Recombinant DNA vaccines are highly effective inducers of both humoral and cellular immunity and show promise in the prevention of human disease in animal models [10][13]. The successful use of recombinant adenoviruses encoding hemagglutinin from highly pathogenic influenza viruses with pandemic potential has been previously demonstrated [14]; [15]. In this study we tested two adenovirus-based influenza vaccine candidates in an animal model to induce effective H1N1 swine influenza specific immune responses combined with protection.


We generated E1/E3-deleted adenoviral (Ad5)-based vectors encoding the wildtype (AdHA.wt) or a codon-optimized (AdHA.cod) hemagglutinin (HA) gene from A/California/04/2009 (H1N1)pdm influenza virus. Codon-optimization using the UpGene algorithm improves expression levels of the antigen in infected mammalian cells and consequently enhances immune responses against the antigen in vivo[16]. The generation of the recombinant adenoviral vectors was completed 14 days (AdHA.wt) and 21 days (AdHA.cod) after acquisition of the A/California/04/2009 (H1N1)pdm HA sequence, illustrating the rapid construction and ease of manipulation necessary for adenovirus-based vaccine development.

Initially, the recombinant adenoviral vaccines were evaluated in A549 cells where HA antigen expression levels after infection were examined by immunoblot (Fig. 1A) and flow cytometry (Fig. 1B) analysis using ferret and mouse antiserum. Notably, poor HA expression was seen in cells infected with AdHA.wt, whereas stronger HA expression was detected after infection with AdHA.cod.

Figure 1
Verification of gene expression by the H1N1 vaccine candidates.

To compare the ability of the two AdHA vaccine candidates to induce HA-specific immune responses, eleven groups of Balb/c mice were immunized subcutaneously with increasing doses of AdHA.wt, AdHA.cod or with Ad5 control. Four weeks after immunization serum samples were obtained from all mice to screen for H1N1 specific antibodies in hemagglutination inhibition (HI) assay using the influenza strain A/Texas/05/09 (H1N1)pdm as source of homologous antigen. HA-specific antibodies response was detected in the animals immunized with AdHA.wt and AdHA.cod. Remarkably, AdHA.cod immunization required at least three log10 less vaccine to achieve the same level of HI immunity measured in the AdHA.wt groups (Fig. 2A). Given that vaccination with AdHA.cod and AdHA.wt induced various degrees of humoral immunity we then only used the highest vaccine dose (5×1010 vp/mouse) for immunization for further characterization of the AdHA.wt, AdHA.cod vaccine candidates. To determine the degree to which antibody responses could neutralize homologous A/Texas/05/09 (H1N1)pdm influenza virus, indicating the potential of protection, sera were tested in microneutralization assay (Fig. 2B). Neutralization titers, measured at week 5 after immunization, of ≥640 were observed in AdHA.cod and in some AdHA.wt immunized animals, again with a significant increase in geometric means of neutralization titers observed after AdHA.cod immunization. To determine T-cell specific responses to HA by immunized mice, ELISPOT assays measuring IFN-γ secretion were performed on splenocytes collected at week 5 post vaccination using a previously described heterosubtypic conserved peptide encoded in the HA2 portion of HA antigen [14] as the target T-cell epitope. Both vaccine candidates, AdHA.wt and AdHA.cod, were able to induce HA-peptide-specific T-cell responses (Fig. 2C). However, as seen with antibody responses, the AdHA.cod vaccine induced a greater T-cell specific response.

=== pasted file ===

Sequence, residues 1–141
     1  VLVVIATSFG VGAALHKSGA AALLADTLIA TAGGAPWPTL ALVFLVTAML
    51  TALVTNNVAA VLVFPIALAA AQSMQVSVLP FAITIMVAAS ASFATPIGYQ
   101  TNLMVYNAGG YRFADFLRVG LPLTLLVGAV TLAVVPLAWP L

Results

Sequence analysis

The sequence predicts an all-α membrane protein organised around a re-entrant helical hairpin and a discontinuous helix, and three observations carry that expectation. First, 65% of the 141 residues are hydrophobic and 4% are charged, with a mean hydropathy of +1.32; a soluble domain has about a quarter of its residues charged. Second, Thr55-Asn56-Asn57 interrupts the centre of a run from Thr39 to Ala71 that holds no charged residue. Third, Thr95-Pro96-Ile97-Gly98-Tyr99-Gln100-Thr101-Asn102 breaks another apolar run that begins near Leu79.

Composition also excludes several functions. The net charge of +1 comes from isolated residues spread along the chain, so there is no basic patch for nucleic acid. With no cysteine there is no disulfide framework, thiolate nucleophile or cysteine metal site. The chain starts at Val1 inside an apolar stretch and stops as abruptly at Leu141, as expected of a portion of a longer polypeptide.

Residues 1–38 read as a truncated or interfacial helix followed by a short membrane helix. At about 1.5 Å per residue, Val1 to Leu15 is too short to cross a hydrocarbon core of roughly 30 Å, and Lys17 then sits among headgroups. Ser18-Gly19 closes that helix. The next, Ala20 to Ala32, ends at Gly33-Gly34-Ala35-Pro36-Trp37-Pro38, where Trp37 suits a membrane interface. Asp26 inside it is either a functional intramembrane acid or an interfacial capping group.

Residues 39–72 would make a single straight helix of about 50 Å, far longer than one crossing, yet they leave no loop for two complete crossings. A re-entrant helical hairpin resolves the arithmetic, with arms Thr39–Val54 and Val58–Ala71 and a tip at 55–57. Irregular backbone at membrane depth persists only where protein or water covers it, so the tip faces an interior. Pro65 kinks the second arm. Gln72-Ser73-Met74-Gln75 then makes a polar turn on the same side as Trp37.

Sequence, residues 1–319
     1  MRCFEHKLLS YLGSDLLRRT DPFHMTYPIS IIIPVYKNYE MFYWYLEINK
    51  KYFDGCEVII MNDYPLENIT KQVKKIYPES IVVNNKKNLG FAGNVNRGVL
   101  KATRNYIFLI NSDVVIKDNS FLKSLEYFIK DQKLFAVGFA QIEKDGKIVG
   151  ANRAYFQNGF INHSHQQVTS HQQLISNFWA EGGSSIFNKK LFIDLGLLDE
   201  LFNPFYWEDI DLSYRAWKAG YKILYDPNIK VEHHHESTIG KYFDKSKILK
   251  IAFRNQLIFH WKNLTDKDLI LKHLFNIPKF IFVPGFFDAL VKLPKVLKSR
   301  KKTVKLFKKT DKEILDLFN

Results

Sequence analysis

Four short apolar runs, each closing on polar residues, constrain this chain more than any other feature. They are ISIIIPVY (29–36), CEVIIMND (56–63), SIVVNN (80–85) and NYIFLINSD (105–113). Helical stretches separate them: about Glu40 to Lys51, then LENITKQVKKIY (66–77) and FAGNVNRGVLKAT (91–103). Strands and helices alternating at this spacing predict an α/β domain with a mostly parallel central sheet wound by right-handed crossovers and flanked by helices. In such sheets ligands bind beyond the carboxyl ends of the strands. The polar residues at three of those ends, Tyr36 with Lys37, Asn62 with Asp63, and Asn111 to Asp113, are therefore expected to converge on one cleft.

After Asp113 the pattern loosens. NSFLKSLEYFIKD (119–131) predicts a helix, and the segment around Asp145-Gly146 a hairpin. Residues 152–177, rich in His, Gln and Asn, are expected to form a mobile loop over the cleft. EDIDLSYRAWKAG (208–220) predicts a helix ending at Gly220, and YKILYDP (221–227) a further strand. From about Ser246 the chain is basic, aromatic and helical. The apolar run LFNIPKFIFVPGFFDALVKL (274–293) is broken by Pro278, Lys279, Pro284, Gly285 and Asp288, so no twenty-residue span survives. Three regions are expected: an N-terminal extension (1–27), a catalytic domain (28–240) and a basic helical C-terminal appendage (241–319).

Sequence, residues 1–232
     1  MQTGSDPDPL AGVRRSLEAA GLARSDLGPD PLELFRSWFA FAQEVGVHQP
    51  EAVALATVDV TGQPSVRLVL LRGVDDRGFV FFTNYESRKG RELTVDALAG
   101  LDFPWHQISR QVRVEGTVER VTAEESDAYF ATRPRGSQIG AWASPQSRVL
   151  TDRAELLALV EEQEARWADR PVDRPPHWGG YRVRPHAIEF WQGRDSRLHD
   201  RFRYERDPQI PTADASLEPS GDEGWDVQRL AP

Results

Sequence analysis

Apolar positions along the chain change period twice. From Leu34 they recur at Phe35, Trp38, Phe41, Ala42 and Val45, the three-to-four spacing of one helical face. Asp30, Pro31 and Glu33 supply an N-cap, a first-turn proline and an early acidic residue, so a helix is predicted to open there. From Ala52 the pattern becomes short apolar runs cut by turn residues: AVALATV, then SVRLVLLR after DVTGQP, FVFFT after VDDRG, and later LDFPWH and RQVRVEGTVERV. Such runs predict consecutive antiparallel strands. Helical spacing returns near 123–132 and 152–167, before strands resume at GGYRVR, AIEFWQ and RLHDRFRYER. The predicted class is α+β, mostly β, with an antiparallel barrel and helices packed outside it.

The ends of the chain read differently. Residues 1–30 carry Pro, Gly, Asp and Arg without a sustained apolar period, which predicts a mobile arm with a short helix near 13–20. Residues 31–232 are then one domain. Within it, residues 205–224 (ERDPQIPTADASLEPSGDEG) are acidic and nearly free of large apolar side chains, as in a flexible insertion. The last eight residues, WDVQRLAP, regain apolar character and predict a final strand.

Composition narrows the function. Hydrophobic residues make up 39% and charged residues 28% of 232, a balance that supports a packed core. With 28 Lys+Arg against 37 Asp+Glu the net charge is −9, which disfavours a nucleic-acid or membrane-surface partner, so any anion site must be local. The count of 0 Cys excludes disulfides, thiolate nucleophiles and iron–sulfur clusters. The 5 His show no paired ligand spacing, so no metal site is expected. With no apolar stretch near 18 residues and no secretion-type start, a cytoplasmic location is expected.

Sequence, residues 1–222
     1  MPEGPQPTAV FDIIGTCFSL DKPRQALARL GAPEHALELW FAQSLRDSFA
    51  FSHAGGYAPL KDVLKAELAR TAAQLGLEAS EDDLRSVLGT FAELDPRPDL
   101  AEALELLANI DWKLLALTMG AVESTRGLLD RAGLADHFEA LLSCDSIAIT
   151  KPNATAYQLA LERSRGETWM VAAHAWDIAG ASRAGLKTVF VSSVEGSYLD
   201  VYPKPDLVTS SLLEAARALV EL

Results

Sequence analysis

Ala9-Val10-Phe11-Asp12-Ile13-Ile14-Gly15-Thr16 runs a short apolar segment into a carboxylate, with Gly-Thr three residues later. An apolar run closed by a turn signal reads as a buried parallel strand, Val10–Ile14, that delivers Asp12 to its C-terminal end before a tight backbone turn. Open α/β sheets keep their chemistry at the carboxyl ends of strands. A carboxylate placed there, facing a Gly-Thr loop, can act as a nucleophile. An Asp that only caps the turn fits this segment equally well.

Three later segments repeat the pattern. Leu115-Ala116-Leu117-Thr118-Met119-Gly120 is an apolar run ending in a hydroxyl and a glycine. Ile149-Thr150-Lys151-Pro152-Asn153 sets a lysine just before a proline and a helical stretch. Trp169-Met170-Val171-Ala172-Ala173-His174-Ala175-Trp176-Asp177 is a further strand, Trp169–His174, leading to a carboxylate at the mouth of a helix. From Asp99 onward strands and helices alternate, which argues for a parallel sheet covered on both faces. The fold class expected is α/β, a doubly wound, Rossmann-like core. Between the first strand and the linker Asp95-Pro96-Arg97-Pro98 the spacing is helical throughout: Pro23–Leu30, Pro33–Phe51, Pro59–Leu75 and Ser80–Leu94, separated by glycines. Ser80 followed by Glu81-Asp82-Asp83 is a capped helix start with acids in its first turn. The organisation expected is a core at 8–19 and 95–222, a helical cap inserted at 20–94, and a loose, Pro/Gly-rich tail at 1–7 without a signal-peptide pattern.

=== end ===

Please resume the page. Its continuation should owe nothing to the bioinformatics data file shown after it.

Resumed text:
Figure 2
Induction of humoral and cellular immune responses by the H1N1 vaccine candidates.

To investigate the protective efficacy of these AdHA vaccine candidates against challenge with the H1N1 virus we utilized a mouse model [17]. Animals were intranasally inoculated with 1000 PFU A/Ohio/7/09 (H1N1)pdm 5 to 6 weeks after the single dose immunization. Three days post-challenge, the mice were sacrificed, their lungs and nasal turbinate harvested and viral titers were determined by plaque formation assay performed in MDCK-L cells. As expected, the mock-immunized group had positive H1N1 titer in lung and nasal turbinate. No measurable virus titers were detected in lung and nasal turbinate in the AdHA.cod immunized group (Fig. 3). Somewhat lower levels of protection were observed in the AdHA.wt immunized group. As shown in table 1, in AdHA.wt immunized group 2 out of 10 animals had positive H1N1 titer revealing a correlation between the magnitude of the immune response and protection from H1N1 challenge.